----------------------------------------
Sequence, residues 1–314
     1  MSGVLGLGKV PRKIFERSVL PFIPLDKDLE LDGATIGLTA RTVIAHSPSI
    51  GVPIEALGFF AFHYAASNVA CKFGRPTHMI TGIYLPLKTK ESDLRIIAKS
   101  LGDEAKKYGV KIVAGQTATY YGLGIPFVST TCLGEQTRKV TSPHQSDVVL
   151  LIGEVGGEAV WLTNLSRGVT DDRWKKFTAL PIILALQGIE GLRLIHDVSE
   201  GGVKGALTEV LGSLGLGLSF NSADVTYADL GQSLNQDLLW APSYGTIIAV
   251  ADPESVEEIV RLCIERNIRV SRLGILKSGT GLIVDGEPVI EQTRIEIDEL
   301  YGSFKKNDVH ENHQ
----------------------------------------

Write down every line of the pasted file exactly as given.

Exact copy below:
Sequence, residues 1–314
     1  MSGVLGLGKV PRKIFERSVL PFIPLDKDLE LDGATIGLTA RTVIAHSPSI
    51  GVPIEALGFF AFHYAASNVA CKFGRPTHMI TGIYLPLKTK ESDLRIIAKS
   101  LGDEAKKYGV KIVAGQTATY YGLGIPFVST TCLGEQTRKV TSPHQSDVVL
   151  LIGEVGGEAV WLTNLSRGVT DDRWKKFTAL PIILALQGIE GLRLIHDVSE
   201  GGVKGALTEV LGSLGLGLSF NSADVTYADL GQSLNQDLLW APSYGTIIAV
   251  ADPESVEEIV RLCIERNIRV SRLGILKSGT GLIVDGEPVI EQTRIEIDEL
   301  YGSFKKNDVH ENHQ